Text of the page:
The IBA Arb40 Subcommittee launched a competition to compile and publish poignant stories from this period, forming a distinctive compendium of shared experiences. Exploring the depths of the international arbitration community, the IBA Arb40 Common Heritage of International Arbitration Competition for the Most Meaningful Personal Stories unfolds a tapestry of diverse narratives.
Spanning the globe, these stories capture the human side of international arbitration, showcasing triumphs, challenges, and the interconnectedness that defines our professional journey. Each article in this collection offers a unique lens into our Common Heritage of International Arbitration, underscoring the significance of camaraderie, mentorship, and shared experiences within our global community.
The following article emerged victorious in the “How it all started” category of the competition.
My first encounter with international arbitration, or should I say, international arbitrators, occurred 25 years ago. I was studying for an LLM in EU & International Trade Law at the University of Amsterdam, where the visiting faculty included international arbitrators.
A year later, I found myself serving as a legal officer at the United Nations Compensation Commission, where almost all panels, including the E3 panel to which I assigned, featured well-known international arbitrators. It was there that I caught the international arbitration bug.
However, instead of pursuing a career in international arbitration abroad, I succumbed to the call of home and returned to my native Ireland, where at the time, there was little scope to practice international arbitration. In doing so, I cast away a wonderful, unexpected potential opportunity to work with an upcoming international arbitration practice.
While I had the opportunity to work with, and learn from, some outstanding colleagues in Ireland, seven years later, I still could not shake off the international arbitration bug. I had obtained a diploma and had begun to publish in the area, which provided me with some fulfilment, but did not satisfy my longing to work in international arbitration.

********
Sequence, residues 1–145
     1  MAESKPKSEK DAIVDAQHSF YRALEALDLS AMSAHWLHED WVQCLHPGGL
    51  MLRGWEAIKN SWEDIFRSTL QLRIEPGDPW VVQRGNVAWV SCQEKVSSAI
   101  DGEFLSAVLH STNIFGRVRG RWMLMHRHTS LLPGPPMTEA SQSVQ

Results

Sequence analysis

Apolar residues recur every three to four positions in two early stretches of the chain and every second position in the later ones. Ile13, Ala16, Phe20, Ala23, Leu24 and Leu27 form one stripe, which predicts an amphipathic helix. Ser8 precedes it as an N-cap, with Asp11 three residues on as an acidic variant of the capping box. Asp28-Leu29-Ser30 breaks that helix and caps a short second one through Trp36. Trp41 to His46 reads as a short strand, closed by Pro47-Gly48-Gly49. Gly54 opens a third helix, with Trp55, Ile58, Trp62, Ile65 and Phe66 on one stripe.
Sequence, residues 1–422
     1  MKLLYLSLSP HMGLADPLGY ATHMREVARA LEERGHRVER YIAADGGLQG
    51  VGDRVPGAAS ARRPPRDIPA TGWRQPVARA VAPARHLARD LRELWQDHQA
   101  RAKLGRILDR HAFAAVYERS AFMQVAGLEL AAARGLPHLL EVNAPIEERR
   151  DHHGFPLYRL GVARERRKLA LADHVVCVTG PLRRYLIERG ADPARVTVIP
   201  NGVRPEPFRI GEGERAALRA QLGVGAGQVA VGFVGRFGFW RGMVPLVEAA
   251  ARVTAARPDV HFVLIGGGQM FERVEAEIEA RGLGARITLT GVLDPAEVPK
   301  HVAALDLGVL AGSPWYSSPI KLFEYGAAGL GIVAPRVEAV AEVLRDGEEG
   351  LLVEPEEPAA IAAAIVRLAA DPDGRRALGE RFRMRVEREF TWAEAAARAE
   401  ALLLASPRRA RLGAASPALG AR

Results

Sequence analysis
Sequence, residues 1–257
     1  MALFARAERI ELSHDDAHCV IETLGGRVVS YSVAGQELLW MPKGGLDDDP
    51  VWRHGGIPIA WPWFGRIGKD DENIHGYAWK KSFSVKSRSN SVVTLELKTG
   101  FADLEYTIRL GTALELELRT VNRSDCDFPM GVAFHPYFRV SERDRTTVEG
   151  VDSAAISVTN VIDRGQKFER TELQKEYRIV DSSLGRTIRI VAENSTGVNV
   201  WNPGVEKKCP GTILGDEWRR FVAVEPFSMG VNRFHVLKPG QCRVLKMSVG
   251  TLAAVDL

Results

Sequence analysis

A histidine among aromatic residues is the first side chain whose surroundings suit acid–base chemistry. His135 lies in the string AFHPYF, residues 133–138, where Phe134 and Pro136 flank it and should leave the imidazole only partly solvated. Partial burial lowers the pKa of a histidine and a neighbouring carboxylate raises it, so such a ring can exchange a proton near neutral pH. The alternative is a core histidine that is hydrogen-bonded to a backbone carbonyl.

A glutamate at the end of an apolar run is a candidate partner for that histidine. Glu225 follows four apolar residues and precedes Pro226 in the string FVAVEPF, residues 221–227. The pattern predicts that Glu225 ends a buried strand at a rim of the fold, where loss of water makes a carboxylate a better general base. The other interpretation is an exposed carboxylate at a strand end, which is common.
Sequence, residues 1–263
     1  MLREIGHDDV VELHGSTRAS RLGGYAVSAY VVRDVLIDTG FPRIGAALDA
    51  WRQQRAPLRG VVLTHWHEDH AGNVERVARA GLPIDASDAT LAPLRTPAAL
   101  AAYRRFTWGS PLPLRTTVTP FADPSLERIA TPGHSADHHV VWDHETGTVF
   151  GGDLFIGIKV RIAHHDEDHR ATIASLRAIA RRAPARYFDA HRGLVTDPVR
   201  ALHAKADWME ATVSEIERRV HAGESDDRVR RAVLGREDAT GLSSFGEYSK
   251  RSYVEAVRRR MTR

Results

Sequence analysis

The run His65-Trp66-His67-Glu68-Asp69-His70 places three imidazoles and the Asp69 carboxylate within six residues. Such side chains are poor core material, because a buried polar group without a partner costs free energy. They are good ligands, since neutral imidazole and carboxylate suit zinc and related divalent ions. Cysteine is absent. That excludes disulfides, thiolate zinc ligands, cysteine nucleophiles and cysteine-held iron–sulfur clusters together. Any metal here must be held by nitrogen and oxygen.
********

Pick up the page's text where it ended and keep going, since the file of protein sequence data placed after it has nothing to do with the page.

And so, instead of becoming a full equity partner in 2007 in Ireland, I joined an international arbitration practice in London as a junior associate in order to begin my international arbitration career. It was gruelling to begin at the bottom of the ladder in my late 30s and to try to ascend the vertiginous slopes of international arbitration with a purely academic understanding.
There was a terrible personal cost too for my three young daughters and me, as it involved my living away from home and precipitated the end of my marriage. Following spells in Paris practising international arbitration and in Cork practicing Irish law, I moved to the Middle East to join the Abu Dhabi office of the largest law firm in the region. In the meantime, my daughters grew up, with me absent for much of their childhoods..
I have been blessed over the years to work with, and across the table from, some extraordinarily talented international arbitration practitioners, from whom I have learnt much. I have travelled to many countries in my practice. I have formed a few close friendships and have done my best to mentor younger colleagues. I have continued my efforts to contribute to thought leadership in the area and to the international arbitration community, which can be challenging considering the intellectual firepower that is characteristic of the field.
I have enjoyed modest success at great personal cost for my loved ones and for me. Perhaps if I had pursued my interest in international arbitration much earlier in my career, the sacrifices that one must bear if one is to succeed in this field would have been mine alone to bear.
So, what is the lesson from this deeply personal account?
If you feel strongly attracted to working in this fascinating area, then pursue a career with focus, determination and commitment from the earliest opportunity. Aim to work for the best. Strive to gain an outstanding reputation for probity, integrity and outstanding client service. Work harder than you thought was possible. Seize unplanned opportunities. Be humble and retain a sense of humour and perspective.
Having put your hand to the plough, don’t look back.
ABOUT THE AUTHOR
John Gaffney is a Senior Counsel with the Abu Dhabi office of Al Tamimi & Company, where he practices commercial arbitration. He is admitted to practice in both England & Wales and the Republic of Ireland, where is an Adjunct Professor at the UCC School of Law. In addition, John serves as an Editorial Board Member, ICSID Review – Foreign Investment Law Journal, and is a Member of the ICC Commission for Arbitration and ADR (for Ireland), Co-Editor (for the Middle East), ASIL Commentaries on Private International Law, a Country Reporter for the Institute of Transnational Arbitration Board of Reporters, and a Guest Lecturer at the Sorbonne University, Abu Dhabi. He is a former Case Notes Editor of The European International Arbitration Review and reporter for European Parliament Study on Arbitration (January 2015). John is listed in the Legal 500 Arbitration Powerlist, Who’s Who Legal, and Euromoney Guide.
This article was first published on the website of the Arbitration Committee of the Legal Practice Division of the International Bar Association, and is reproduced by kind permission of the International Bar Association, London, UK. © International Bar Association.
Available at: https://www.ibanet.org/Arb40-Competition